7.  (491.30)
    Warren, most retailers on the CBIA forum say the book hasn't sold all that well. But it's still early and there is a chance the controversy might help. The press release with two retailers saying positive comments about the promotion was very cherry picked. The vast majority was not happy about it. If I were cynical, I'd say that's the very reason why they haven't offered returnability despite it "selling out."

    I'm also curious about reorder numbers and the size of the print runs. Maybe it did work, but a whole lot of retailers are saying it hasn't yet.

    Renoylds:
    Books like PVP, Girl Genius, the retailers know in advance that it's online for free. The books are generally collections for those that want to re-read a large chunk of it away from their computers. Retailers have an idea of how many people are interested in that and can order accordingly.

    morganagrom: "Assuming it were though, is it just the issue of the simultaneous release that is bothering them?"

    I'm not a retailer, but I'm pretty sure the answer is yes. Comics (and most GNs) have a pretty short shelf life. When they are new they are in demand, otherwise customers are interested in the next new thing. They'll sell a whole lot more of any book the week it comes out vs. any other week after that.

    Exactly when it would be 'okay' to put it online I'm sure would be hotly debated among retailers. Some retailers only order a bit and depend heavily on reorders to keep the demand satisfied. Others order a lot up front hoping it's enough to last them 6 weeks or so. I'm sure some retailers would rather not there be a set 'read it online for free' release date in fear of customers not buying books and just waiting for it to appear online.

    Overall it's the not informing retailers that's the issue. It is quite possible that informing them would have led to reduced orders, but that's the problem with new(ish) ideas like this - you have to sell them. Again, returnability would help with that so it's not retailers taking the risk. I think a lot of us have our own theories of how to sell more comics, but not every theory works in practice. It's pretty irresponsible to make somebody else pay if your ideas don't work.
  8.  (491.31)
    The press release with two retailers saying positive comments about the promotion was very cherry picked.

    Of course it was. Don't be silly.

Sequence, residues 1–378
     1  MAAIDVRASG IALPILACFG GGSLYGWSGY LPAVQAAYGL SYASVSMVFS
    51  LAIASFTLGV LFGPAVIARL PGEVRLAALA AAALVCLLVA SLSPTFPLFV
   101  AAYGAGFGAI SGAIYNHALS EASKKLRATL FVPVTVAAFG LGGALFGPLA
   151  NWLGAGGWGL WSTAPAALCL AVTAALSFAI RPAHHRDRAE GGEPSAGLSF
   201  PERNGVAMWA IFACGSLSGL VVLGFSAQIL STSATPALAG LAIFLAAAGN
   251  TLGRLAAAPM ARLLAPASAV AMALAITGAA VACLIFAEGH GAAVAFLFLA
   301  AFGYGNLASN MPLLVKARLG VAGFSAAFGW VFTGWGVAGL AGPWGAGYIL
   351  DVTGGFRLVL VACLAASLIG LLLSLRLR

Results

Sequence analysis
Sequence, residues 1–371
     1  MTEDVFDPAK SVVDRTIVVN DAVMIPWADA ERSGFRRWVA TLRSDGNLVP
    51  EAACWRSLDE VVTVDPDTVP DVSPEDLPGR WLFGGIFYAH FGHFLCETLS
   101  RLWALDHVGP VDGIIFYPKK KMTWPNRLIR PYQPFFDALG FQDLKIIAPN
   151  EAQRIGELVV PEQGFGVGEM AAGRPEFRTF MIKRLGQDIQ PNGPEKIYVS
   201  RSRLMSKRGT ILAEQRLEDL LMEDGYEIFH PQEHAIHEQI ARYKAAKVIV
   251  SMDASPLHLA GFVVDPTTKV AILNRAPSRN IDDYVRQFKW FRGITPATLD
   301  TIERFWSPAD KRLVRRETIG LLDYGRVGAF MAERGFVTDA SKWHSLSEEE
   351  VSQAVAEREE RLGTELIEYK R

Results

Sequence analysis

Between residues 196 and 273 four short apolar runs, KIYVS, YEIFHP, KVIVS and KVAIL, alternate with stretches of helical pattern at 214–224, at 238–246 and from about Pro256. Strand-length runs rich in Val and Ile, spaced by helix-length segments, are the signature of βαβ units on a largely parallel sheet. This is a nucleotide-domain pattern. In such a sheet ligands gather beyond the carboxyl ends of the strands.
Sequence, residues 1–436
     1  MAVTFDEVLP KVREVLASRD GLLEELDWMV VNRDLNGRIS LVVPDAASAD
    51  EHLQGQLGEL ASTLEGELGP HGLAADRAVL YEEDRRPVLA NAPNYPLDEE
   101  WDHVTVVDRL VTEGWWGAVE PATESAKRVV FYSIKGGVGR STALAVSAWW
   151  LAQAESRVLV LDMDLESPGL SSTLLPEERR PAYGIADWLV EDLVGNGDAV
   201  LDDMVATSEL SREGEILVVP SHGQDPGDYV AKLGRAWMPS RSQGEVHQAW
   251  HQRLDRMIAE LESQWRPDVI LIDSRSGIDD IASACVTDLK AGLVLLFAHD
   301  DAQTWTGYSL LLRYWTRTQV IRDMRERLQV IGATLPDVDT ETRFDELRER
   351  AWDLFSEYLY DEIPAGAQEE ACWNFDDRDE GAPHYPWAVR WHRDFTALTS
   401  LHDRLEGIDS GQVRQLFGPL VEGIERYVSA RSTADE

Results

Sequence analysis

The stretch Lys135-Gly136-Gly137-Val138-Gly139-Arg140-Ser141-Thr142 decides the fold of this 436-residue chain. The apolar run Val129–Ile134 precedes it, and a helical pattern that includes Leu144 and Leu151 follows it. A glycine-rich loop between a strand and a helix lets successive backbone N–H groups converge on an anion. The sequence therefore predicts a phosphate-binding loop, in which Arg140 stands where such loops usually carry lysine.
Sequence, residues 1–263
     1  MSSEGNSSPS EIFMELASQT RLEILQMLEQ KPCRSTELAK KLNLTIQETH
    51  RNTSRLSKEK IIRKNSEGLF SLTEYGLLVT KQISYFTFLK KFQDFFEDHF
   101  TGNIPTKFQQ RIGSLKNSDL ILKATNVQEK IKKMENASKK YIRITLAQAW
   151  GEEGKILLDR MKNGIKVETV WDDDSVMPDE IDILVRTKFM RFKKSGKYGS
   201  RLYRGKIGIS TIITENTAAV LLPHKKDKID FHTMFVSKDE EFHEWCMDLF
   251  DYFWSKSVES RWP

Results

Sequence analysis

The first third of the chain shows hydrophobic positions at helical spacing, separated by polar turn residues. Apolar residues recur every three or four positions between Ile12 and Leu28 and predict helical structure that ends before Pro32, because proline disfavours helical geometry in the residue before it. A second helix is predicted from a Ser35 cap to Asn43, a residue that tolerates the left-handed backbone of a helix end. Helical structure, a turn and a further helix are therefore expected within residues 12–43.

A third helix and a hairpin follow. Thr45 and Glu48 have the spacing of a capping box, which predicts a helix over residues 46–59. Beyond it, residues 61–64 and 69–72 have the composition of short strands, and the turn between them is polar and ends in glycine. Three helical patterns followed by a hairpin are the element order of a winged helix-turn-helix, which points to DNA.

I'm also curious about reorder numbers and the size of the print runs. Maybe it did work, but a whole lot of retailers are saying it hasn't yet.

    Well, someone reordered that book...
  9.  (491.32)
    I'm having a time out until I can learn some manners.
    "Overall it's the not informing retailers that's the issue."

    Besides of course, the fact that the deal seems to be a pretty last minute affair, formed well after orders for 1-3 were placed.
  10.  (491.33)
    Retailers who ordered the early volumes of the Girl Genius paperbacks weren't told that the Foglios would later be competing with them by selling digital downloads of the collections for a third of the price at www.DriveThruComics.com . Same with Checker who offers books through both that site and www.wowio.com - books that retailers bought not knowing they would be available online for much cheaper, or free. Should these books be returnable now too? Hey, Action Philosophers is on there too, at a third of cover - returnability!!!


    Found this through a narcisistic google alert I've got set up for Action Philosophers.

    We're very careful about making sure we don't undercut the relatilers with how we make Action Philosophers available online - retailers are our primary customers after all. We don't put our single issues on DriveThruRpg.com until they've completely sold out. In fact we're way behind - issues 7 and 8 sold out in June.

    We also don't do any direct sales through our website until they've already been in stores for a month. We've got somewhere 40-50 repeat buyers who bug the shit out of us to make the new books available for sale online the same day as the brick-and-mortar release. Our the answer is always the same: buy it at the comic store right now or wait a month - most of them wait.

    The person who buys a PDF of our material is never, never, NEVER going to buy the paper version, and vice versa. Same content, completely different products bought by different people.

    Torrent bootlegss pretty much make having a PDF version moot anyways, but we don't have control of that and never will.

    If there are any retailers out there who think these practices are undercutting their sales of Action Philosophers I would be more than happy to discuss these issues with them directly. We're very easy to get a hold of.

    You know something? I'd be fine with Diamond making our entire line returnable from the get-go, for whatever reason. Our stuff stands out enough that I think it will all sell through just fine.